After a spinal cord injury a number of factors impede the regeneration of nerve cells. Two of the most important of these factors are the destabilization of the cytoskeleton and the development of scar tissue. While the former prevents regrowth of cells, the latter creates a barrier for severed nerve cells. Scientists of the Max Planck Institute of Neurobiology in Martinsried and their colleagues from the Kennedy Krieger Institute and University of Miami in the United States, and the University of Utrecht in the Netherlands, have now shown that the cancer drug Taxol reduces both regeneration obstacles. (Science, January 27, 2011)
Paraplegia. This is often the long-lasting result, when nerve fibers have been crushed or cut in the spinal cord. In contrast, for example, to the nerves in a cut finger, the injured nerve cells in the central nervous system (CNS) won't regrow. Scientists have been working for decades to discover the reasons for this discrepancy in the regeneration abilities of nerve cells. They have found a variety of factors that prevent the regeneration of CNS nerve cells. One by one a number of substances that act like stop signs and halt the resumption of growth have been discovered. Other obstacles lie within the cells: The microtubules, small protein tubes which compose the cells' cytoskeleton, are completely jumbled in an injured CNS nerve cell. A structured growth becomes impossible. In addition to this, the lost tissue is progressively replaced by scar tissue creating a barrier for growing nerve cells.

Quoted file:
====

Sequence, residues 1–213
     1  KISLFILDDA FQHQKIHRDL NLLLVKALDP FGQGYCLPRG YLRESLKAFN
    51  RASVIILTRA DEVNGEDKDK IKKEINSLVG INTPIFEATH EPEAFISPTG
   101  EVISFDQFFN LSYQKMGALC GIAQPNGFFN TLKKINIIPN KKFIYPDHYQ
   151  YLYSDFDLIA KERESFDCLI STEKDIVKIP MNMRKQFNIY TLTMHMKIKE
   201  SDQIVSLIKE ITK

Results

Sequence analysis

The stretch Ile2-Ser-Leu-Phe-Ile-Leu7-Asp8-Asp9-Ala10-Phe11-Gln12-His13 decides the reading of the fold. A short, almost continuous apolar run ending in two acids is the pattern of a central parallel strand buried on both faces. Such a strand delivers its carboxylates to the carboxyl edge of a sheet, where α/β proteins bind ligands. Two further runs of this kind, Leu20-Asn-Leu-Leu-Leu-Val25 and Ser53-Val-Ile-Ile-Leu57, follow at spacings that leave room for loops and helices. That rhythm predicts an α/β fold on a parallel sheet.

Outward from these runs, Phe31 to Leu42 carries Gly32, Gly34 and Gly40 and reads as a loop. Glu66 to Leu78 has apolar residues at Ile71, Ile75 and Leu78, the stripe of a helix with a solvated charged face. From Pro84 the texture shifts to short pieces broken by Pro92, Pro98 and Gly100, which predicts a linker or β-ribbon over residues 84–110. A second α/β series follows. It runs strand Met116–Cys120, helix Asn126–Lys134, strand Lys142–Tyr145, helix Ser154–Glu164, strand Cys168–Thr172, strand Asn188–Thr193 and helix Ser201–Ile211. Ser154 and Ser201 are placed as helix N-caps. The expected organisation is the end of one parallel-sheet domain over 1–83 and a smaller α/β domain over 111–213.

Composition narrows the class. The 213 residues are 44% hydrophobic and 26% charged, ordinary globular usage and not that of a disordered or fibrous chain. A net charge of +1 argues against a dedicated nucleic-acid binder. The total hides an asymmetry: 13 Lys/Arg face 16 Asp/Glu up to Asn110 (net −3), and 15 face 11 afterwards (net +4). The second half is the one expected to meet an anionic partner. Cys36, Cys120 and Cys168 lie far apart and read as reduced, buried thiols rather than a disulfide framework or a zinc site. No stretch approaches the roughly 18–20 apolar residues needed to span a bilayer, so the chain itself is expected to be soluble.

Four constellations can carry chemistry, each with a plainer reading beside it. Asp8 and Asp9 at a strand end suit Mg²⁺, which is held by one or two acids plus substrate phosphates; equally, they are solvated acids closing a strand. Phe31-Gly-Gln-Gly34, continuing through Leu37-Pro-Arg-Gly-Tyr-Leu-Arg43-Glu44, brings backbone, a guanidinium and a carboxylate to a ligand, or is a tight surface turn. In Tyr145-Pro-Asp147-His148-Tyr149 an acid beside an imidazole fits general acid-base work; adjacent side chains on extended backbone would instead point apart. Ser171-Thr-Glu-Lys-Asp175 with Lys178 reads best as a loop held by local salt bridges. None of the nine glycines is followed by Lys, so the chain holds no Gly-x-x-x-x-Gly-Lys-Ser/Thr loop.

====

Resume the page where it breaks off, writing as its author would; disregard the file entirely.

Frank Bradke and his team at the Max Planck Institute of Neurobiology in Martinsried study the mechanisms inside CNS nerve cells responsible for stopping their growth: "We try to provoke the cells to ignore the stop signs so that they regrow." For this task, the neurobiologists have focused on studying the role of microtubules. These protein tubes have a parallel arrangeme
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